When I saw the video of Grammy Award winner Burna Boy’s last performance in Lagos and the vitriol he passed on to his fans, my mind went back to an article I read a couple of years back.
This article, entitled Trust me, I’m a psychologist – fame is bad for your health, was written by someone who had every qualification to tell.
Pamela Stephenson first gained stardom as a comedian on Not the Nice O’clock News, a British television show that ran in the late 1970s and early 1980s. Over the decades, she featured in loads of other television programmes and gained attention as an actress with a long list of performances between the United Kingdom, the United States and Australia. She is therefore competent to speak on the concept of fame and what it does to people.
But Stephenson became a psychologist with an interest in the lives of celebrities, amongst other things. So, when someone like that tells you that fame is bad for your health, pay attention.
In this article, the psychologist speaks about her conversation with many celebrities. At the end of it all, she reaches the conclusion that fame alienates the famous. It often creates a new personality, which the original person would find difficult to understand or even cope with. It could be a journey to everything or nothing, depending on how you handle it.
Regardless of the intricacies, literarily, every human being seeks a measure of fame. And most often than not, we crave recognition without preparing for the probable cannibalising effect of the same.
So, over the past decade, the artiste, Damini Ogulu, also known as Burna Boy, has caught the flame of fame. He has moved from one record-breaking accomplishment to the other, crowing his successes with a landmark winning of the Grammy Awards for his Twice as Tall Album in 2021. Before and even after then, there has been no stopping the Nigerian-born star. He is even a national award holder!
It is doubtful that these attainments and those that lie ahead of the 31-year-old artiste surprise him or anyone. Burna Boy dreamt of stardom as a child, and he has put in the hard work, which is now yielding fruit. Countless news reports quote him as saying: “I used to draw superheroes as a kid. I loved superheroes, so I drew a lot. Then I started to like the idea of being a superhero myself.” And the hero he fancied has arrived and landed on his very lap. What we however cannot be sure of is for how long the self-confessed African Giant plans to remain a superhero, and what he desires history to record about him at the end of his tenure.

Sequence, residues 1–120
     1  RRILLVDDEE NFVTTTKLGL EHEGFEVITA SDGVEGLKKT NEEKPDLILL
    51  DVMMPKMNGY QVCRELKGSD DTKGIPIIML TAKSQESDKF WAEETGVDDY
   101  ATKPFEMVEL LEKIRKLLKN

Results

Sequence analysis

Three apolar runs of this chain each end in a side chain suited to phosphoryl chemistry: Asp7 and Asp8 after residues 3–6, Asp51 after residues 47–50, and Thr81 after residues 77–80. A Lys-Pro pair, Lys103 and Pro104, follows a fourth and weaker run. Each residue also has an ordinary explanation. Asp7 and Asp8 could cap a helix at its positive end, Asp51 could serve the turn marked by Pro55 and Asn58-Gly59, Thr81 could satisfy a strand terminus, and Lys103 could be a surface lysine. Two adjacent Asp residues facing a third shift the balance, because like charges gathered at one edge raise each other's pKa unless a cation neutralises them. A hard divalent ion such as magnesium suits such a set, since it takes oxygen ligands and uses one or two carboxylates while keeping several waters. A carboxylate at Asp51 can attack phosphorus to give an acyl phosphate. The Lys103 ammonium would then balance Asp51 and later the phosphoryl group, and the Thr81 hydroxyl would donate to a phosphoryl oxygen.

And about the end of tenure, that is a sure juncture. Every celebrity gets stuck in the euphoria of wealth, access, adoration and membership of the exclusive club of the privileged, but as Dr Donna Rockwell posits in her article, fame is a dangerous drug: a phenomenological glimpse of celebrity, “the fame machine can only churn for so long.” Hence, what happens when the blinding lights of fame go dim, as they would at some point, depends on the conduct of today’s stars.
Now, this is the ironic thing about fame. It comes like a whirlwind and envelopes its victims in a bubble, where everything except themselves feels like a fantasy. In there, they live in their own world. They rule as they like without time to think about anything or anyone but their status. That stage, where nothing else other than notice and the adulation of people matter, is the place of danger for any celebrity.
Dr Michael Platt, a neurologist at the University of Pennsylvania and Dr Robert Deaner of the University of Duke, both in the United States, capture this in their experiment: Monkeys pay-per-view.
They suggest that gaining social status makes people less interested in others. “You can think of attention as a knob that you can turn up and turn down. And when you are low in status, you turn that knob all the way up. You’re paying attention to everybody and trying to learn about them. If you are high status, then your knob is turned down low because it doesn’t really matter- you do whatever you want. It just makes you more aloof.”
At this stage, celebrities forget about everyone who may have contributed to the attainment of their current status. They only concern themselves with their own eminence, and they would spit down on anyone who, in their estimation, does not measure up to them. This is the image that our beloved Burna Boy cut at that performance.
Here is an artiste whose performance thousands of Nigerians paid to come and watch. These people defied considerable odds. Money is not only scarce, but getting fuel into your car is a herculean venture. That is not to speak about the risk of insecurity in the country. People disregarded these to be at your show, but you cannot even be grateful.